Outcry after Shamima Begum’s baby dies in Syria
The UK has been accused of abandoning the teenager’s newborn son, who died on Thursday. Now, it has emerged that two more British ISIS brides have been stripped of their citizenship.
Shamima Begum, the teenager who fled the UK to join Islamic State (ISIS), gave birth to a boy named Jarrah in a Syrian refugee camp three weeks ago. On Thursday, her baby died.
Now, Home Secretary Sajid Javid has been branded a “moral coward” for his decision to strip Begum of her British citizenship. His critics say the baby was a UK citizen who deserved protection, and that the move violated international law.
Reports have since emerged that two more British ISIS brides, with five young sons between them, have had their citizenship revoked.
But what is citizenship and why is it so important?
In ancient Rome, the law stated that citizens were “free to act by law, free to ask and expect the law’s protection”.
In the Bible, when Saint Paul is arrested for spreading Christianity, his captors quake with fear when they realise they have mistreated a Roman citizen. Being a citizen means you are entitled to fundamental rights and protection in society.
Javid stripped Begum of her British citizenship under the British Nationality Act 1981, which allows the UK to remove someone’s nationality if it is “conducive to the public good”.
This only applies to dual citizens because it is against international law to make a person stateless. The Home Office says that Begum is entitled to Bangladeshi citizenship through her parents, but Bangladesh says it will not grant her it.
Someone is stateless when they have no nationality. Stateless individuals are often unable to access healthcare, education and work. The United Nations estimates that there are more than 10 million stateless people around the world.
Statelessness can be used to oppress certain groups in a population. For example, the Rohingya minority who live stateless in Myanmar are subject to violent attacks from authorities.
The ban on making people stateless emerged as a result of the Nuremberg Laws, when hundreds of thousands of German Jews were stripped of their nationality overnight in 1935.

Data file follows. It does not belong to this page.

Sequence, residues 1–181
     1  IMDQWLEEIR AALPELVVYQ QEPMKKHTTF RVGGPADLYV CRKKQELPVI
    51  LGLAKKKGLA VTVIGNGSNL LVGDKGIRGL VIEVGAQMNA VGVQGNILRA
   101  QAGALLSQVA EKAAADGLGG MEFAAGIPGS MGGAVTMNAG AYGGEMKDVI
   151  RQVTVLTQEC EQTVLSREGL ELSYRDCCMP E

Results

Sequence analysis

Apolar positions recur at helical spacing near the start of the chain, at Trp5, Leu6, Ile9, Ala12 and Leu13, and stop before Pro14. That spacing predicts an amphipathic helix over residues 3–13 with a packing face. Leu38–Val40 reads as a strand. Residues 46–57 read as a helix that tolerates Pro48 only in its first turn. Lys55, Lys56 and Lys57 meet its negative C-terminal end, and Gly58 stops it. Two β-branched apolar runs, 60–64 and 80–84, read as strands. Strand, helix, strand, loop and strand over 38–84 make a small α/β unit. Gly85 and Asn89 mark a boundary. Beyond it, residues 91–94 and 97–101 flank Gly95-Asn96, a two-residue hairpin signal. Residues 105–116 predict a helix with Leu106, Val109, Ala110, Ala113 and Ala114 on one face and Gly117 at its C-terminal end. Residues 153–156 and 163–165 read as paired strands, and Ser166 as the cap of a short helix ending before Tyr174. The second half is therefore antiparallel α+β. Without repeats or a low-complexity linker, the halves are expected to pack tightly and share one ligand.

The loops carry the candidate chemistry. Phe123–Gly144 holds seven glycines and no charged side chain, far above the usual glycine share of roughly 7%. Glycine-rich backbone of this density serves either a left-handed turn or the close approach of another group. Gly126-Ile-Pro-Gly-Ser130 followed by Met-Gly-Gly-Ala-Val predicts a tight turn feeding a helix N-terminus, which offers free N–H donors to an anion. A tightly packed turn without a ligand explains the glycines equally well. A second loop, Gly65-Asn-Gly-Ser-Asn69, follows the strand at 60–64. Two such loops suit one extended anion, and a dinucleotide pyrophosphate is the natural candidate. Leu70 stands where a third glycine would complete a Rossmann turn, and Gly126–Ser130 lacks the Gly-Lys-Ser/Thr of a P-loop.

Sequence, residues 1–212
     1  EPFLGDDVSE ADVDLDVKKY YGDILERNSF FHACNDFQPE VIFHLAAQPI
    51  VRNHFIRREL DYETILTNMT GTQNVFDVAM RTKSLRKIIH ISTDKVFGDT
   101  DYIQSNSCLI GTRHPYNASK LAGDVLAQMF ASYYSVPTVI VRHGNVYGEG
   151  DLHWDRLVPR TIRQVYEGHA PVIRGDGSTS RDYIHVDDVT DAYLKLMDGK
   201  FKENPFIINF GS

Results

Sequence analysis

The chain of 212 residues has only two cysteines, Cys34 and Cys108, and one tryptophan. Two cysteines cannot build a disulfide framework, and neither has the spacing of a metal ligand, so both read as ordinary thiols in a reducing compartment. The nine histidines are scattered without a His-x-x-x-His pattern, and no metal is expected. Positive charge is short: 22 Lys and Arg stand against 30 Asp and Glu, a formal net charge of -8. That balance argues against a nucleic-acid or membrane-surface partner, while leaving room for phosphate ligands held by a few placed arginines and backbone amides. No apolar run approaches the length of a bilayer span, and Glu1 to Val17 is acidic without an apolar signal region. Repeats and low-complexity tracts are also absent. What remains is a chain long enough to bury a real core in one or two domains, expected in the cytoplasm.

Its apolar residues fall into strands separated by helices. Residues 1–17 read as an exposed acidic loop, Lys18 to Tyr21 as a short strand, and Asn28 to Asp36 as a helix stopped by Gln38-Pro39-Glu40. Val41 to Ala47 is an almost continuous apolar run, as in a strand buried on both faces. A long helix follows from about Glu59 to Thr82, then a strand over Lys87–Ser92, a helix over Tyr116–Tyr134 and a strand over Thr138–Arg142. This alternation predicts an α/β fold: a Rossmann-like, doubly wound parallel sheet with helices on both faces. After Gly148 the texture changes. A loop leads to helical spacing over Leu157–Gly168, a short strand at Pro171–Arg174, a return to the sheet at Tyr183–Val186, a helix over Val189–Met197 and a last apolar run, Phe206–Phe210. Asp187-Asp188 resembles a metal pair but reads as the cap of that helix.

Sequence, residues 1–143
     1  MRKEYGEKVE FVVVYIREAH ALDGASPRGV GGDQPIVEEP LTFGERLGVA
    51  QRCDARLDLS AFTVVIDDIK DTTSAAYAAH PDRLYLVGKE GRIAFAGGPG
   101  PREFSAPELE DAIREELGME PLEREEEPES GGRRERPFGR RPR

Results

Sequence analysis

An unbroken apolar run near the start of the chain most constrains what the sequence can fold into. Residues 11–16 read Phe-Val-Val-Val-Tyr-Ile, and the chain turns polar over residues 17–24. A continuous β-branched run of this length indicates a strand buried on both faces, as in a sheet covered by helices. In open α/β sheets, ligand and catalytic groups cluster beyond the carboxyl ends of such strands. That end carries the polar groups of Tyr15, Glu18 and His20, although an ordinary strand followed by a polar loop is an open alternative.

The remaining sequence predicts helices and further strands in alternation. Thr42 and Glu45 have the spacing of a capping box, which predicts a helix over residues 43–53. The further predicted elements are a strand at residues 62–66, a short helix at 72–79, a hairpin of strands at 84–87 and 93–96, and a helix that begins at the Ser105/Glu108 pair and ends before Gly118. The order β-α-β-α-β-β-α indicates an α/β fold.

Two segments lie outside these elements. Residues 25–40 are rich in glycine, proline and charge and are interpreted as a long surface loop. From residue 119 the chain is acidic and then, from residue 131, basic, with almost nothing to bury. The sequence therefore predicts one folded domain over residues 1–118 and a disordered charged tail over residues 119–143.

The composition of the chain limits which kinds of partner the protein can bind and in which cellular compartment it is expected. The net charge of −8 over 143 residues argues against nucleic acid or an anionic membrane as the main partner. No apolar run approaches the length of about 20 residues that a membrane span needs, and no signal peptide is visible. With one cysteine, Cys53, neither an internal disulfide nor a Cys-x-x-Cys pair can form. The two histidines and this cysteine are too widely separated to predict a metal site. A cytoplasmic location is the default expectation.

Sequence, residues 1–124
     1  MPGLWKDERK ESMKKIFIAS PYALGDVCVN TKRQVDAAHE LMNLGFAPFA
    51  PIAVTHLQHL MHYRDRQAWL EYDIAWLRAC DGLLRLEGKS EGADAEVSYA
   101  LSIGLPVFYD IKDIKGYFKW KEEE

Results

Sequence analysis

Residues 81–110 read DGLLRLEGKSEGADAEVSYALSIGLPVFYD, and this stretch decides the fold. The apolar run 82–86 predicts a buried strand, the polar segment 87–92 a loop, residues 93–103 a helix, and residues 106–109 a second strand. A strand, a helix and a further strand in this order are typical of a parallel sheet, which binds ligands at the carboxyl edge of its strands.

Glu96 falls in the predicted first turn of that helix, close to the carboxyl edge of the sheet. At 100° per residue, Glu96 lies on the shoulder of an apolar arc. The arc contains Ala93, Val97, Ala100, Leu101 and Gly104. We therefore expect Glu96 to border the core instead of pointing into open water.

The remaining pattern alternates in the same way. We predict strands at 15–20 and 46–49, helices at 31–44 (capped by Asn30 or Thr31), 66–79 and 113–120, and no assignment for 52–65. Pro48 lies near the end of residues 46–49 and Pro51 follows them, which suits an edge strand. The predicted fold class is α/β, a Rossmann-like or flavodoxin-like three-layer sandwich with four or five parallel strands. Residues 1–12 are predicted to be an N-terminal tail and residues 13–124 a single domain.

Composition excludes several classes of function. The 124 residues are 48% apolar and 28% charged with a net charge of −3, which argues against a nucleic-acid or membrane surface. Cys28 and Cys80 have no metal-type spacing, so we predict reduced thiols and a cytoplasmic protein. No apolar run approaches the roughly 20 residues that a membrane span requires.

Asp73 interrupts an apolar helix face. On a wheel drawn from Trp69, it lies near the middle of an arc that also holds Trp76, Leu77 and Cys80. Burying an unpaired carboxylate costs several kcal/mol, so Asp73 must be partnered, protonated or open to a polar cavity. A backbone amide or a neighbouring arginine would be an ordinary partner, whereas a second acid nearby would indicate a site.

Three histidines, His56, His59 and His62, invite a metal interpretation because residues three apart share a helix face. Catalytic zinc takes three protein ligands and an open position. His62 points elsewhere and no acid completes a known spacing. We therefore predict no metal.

Now, Begum finds herself effectively stateless. According to former lawyer Lord Macdonald, Javid’s decision threatens to create “a more dangerous world where stateless individuals roam with no allegiance”.
Law of the land
Was it right to revoke Begum’s citizenship? The UK government seems to be making it a policy to strip terrorists of their nationality. Should a country have the right to cast off those who work against its interests? Or has the state shirked responsibility?
Citizenship is supposed to be a universal right. Is it important that we always uphold citizenship as a principle? Or is it better to consider revoking it on a case-by-case basis, taking into account the knotty realities?
- Was the government right to strip Begum of her citizenship?
- Do you feel any sympathy for Shamima Begum?
- What makes a good citizen? Write down three qualities.
- Put together a three-minute presentation about statelessness around the world. Include statistics and quotes.
Some People Say...
“Citizenship consists in the service of the country.”Jawaharlal Nehru
What do you think?
Q & A
- What do we know?
- Shamima Begum left the UK when she was 15 to join the Islamic State terror group in Syria. She is married to a Dutch ISIS fighter, who she has had three children with. All of her children have died. Her son, Jarrah, who died on Thursday, was a British citizen. Yesterday, Foreign Secretary Jeremy Hunt said that it was too dangerous to send British officials to rescue Begum’s baby from the refugee camp.
- What do we not know?
- What will happen to Shamima Begum. She remains in a refugee camp in Syria, while her husband is currently being held in a Kurdish detention centre after being captured. He has said that he wants to live in the Netherlands with his wife.
- The boy, named Jarrah, died of pneumonia. He was less than three weeks old. She also had two older children, a boy and a girl, who died during her years in ISIS.
- ISIS brides
- Zara and Reema Iqbal are sisters from Canning Town in east London. They are now aged 28 and 30.
- Roman citizen
- The Latin phrase “civis Romanus sum”, which means “I am a Roman citizen”, was said to guarantee a person safety when they were travelling across the empire.
- An oppressed Muslim minority in Buddhist-majority Myanmar. In 2017, more than 600,000 of Myanmar’s one million Rohingya Muslims fled the country after security forces launched a crackdown which they said was against Rohingya terrorists. Many are still in refugee camps in neighbouring Bangladesh.
- Nuremberg Laws
- A set of anti-Semitic laws passed by Adolf Hitler’s Nazi regime in the years preceding the Holocaust. Many countries were hesitant or opposed to taking Jewish refugees fleeing the Nazis.